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|Title:||Social and Environmental Factors Related to Community Use in Massachusetts|
|Keywords:||Health Sciences, Public Health;Health Sciences, Recreation|
|Description:||The majority of children in the United States do not attain the recommended sixty minutes of daily physical activity. Opening up school facilities outside of school hours for use by the community has been suggested to increase opportunities for physical activity. The purpose of this research was to identify social and environmental factors that influence community use policies and practices in Massachusetts school districts. Paper 1 developed a quantitative index to describe differences in community use policies. Written community use policies from Massachusetts school districts were collected and double-coded. Analysis of variance was used to identify differences between template vs. unique policies. Districts that developed unique policies had significantly higher scores than districts that adopted the template (mean 20.8 vs. 16.5, P < 0.05). Paper 2 aimed to identify how community use policy presence and sociodemographic characteristics were associated with access to low- and no-cost recreation areas in Massachusetts school districts. Geographic information systems software was used to identify key variables. Linear regression was used to determine if geographic location or district-level sociodemographic characteristics were associated with recreational area availability. In adjusted analyses, metropolitan districts had 2.51 more acres of recreational area surrounding schools per 1000 residents compared to non-metropolitan districts (P = 0.003). Paper 3 utilized a mixed methods approach to identify differences in community use practices in high-use vs. low-use districts. An online survey of school district administrators was conducted, and a subset of these administrators participated in follow-up telephone interviews. The online survey results showed that high-use districts provided a significantly wider variety of services through community use agreements compared to low-use districts (P = 0.02). Both high-use and low-use districts cited cost, maintenance, and upkeep as the biggest barriers to community use. This dissertation created an index that provides a systematic and reliable way to assess school district community use policies. Additionally, it identified disparities in access to recreational and school facilities for physical activity in non-metropolitan school districts in Massachusetts, and identified cost, maintenance, and upkeep as significant barriers to increasing community use. Training, technical assistance, and future research should focus on these areas.|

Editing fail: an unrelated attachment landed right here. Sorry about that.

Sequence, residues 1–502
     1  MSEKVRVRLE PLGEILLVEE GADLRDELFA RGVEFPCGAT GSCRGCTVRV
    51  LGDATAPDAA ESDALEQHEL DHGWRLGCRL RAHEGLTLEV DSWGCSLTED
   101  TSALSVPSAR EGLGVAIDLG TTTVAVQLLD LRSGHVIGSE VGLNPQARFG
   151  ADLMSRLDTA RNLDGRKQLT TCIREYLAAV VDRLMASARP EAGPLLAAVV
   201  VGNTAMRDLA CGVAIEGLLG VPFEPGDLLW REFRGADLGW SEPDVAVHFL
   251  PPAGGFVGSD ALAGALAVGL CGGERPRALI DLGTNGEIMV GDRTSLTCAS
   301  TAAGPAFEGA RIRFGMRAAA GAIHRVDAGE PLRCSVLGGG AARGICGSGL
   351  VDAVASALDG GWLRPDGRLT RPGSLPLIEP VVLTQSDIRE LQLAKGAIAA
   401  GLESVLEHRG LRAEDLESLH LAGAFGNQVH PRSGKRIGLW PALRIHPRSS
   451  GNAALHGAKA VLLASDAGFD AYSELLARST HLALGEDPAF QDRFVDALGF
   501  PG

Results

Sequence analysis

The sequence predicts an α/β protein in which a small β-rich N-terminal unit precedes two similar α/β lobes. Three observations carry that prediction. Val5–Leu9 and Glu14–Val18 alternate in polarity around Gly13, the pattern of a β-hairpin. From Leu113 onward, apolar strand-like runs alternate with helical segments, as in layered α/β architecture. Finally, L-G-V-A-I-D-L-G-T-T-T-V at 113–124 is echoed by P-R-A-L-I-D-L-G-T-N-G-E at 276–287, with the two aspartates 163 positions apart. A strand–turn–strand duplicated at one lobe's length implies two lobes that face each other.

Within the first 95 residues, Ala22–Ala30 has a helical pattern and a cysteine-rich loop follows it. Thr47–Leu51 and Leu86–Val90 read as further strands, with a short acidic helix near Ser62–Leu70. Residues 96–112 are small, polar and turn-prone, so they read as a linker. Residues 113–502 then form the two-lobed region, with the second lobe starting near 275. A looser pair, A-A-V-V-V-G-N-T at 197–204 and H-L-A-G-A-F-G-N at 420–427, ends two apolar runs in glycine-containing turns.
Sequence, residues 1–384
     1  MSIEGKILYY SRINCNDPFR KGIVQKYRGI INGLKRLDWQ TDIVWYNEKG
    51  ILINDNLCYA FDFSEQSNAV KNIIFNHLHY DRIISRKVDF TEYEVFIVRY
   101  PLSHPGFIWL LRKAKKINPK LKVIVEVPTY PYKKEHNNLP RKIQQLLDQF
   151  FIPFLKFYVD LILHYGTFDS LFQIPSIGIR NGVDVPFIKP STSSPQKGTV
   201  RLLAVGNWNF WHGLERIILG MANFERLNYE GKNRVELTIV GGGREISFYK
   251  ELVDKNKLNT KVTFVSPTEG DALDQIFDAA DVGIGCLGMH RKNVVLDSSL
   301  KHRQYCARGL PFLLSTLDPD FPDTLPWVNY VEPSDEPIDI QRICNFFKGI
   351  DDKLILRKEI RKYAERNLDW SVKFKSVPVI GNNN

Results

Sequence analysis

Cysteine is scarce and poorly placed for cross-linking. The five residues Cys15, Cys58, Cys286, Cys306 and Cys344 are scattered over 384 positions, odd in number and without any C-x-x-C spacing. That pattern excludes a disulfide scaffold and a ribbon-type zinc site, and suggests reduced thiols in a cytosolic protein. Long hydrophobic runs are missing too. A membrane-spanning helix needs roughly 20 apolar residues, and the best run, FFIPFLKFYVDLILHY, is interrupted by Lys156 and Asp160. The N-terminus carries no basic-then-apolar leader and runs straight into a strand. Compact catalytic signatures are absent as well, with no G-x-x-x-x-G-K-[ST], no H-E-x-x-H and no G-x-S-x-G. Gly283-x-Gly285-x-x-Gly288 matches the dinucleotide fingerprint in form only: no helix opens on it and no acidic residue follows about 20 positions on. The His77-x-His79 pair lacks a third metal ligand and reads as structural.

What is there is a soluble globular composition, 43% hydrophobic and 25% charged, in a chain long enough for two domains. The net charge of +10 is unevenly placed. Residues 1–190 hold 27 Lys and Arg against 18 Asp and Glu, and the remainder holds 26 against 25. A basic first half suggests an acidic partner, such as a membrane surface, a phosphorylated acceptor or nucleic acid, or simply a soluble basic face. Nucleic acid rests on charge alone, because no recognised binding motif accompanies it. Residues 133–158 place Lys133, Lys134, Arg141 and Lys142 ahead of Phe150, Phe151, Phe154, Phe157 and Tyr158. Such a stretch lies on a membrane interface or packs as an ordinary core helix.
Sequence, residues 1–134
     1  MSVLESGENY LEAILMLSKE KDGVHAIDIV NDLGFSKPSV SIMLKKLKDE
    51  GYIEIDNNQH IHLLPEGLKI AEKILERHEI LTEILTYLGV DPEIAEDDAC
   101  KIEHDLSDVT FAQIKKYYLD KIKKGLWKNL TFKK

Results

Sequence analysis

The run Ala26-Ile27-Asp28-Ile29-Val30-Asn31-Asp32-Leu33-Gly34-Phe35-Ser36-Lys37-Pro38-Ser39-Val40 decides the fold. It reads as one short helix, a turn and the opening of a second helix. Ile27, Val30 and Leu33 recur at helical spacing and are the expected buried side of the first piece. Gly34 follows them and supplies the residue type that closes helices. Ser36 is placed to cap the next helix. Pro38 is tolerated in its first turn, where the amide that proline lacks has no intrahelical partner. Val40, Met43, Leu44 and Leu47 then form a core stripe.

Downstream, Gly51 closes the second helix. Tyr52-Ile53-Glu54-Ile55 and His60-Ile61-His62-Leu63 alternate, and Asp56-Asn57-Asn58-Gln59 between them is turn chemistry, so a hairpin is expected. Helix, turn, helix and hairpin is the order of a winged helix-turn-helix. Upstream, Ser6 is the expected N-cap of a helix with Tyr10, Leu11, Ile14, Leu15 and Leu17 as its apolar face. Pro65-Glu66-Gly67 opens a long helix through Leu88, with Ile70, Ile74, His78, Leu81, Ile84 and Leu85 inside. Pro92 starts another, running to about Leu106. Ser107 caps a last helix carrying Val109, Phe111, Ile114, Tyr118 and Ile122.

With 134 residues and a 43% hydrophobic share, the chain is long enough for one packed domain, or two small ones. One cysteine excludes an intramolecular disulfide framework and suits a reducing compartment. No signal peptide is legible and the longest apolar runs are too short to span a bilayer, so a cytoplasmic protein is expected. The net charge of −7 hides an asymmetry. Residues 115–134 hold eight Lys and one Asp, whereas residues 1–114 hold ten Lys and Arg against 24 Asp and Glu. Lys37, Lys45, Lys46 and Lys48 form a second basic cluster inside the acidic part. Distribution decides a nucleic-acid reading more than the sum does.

|Standard no:||Adler, Rachel R. 2015. Social and Environmental Factors Related to Community Use in Massachusetts. Doctoral dissertation, Harvard T.H. Chan School of Public Health.|
|Appears in Collections:||Harvard T.H. Chan School of Public Health|
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